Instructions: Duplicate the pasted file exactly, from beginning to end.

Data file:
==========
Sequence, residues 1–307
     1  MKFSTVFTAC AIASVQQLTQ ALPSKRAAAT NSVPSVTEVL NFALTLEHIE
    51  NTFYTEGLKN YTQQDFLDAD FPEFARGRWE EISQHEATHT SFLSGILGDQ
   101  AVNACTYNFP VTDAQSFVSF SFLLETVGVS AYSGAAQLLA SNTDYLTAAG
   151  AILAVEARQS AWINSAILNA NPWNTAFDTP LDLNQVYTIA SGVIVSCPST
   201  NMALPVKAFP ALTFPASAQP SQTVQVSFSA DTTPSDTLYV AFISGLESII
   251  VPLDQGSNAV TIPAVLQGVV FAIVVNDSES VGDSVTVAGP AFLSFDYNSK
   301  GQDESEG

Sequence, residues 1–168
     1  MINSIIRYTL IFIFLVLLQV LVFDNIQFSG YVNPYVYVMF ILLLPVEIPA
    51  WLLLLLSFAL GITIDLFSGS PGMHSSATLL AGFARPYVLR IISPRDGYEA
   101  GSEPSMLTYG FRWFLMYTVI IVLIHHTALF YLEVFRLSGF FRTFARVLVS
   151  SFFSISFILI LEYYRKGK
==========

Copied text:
Sequence, residues 1–307
     1  MKFSTVFTAC AIASVQQLTQ ALPSKRAAAT NSVPSVTEVL NFALTLEHIE
    51  NTFYTEGLKN YTQQDFLDAD FPEFARGRWE EISQHEATHT SFLSGILGDQ
   101  AVNACTYNFP VTDAQSFVSF SFLLETVGVS AYSGAAQLLA SNTDYLTAAG
   151  AILAVEARQS AWINSAILNA NPWNTAFDTP LDLNQVYTIA SGVIVSCPST
   201  NMALPVKAFP ALTFPASAQP SQTVQVSFSA DTTPSDTLYV AFISGLESII
   251  VPLDQGSNAV TIPAVLQGVV FAIVVNDSES VGDSVTVAGP AFLSFDYNSK
   301  GQDESEG

Sequence, residues 1–168
     1  MINSIIRYTL IFIFLVLLQV LVFDNIQFSG YVNPYVYVMF ILLLPVEIPA
    51  WLLLLLSFAL GITIDLFSGS PGMHSSATLL AGFARPYVLR IISPRDGYEA
   101  GSEPSMLTYG FRWFLMYTVI IVLIHHTALF YLEVFRLSGF FRTFARVLVS
   151  SFFSISFILI LEYYRKGK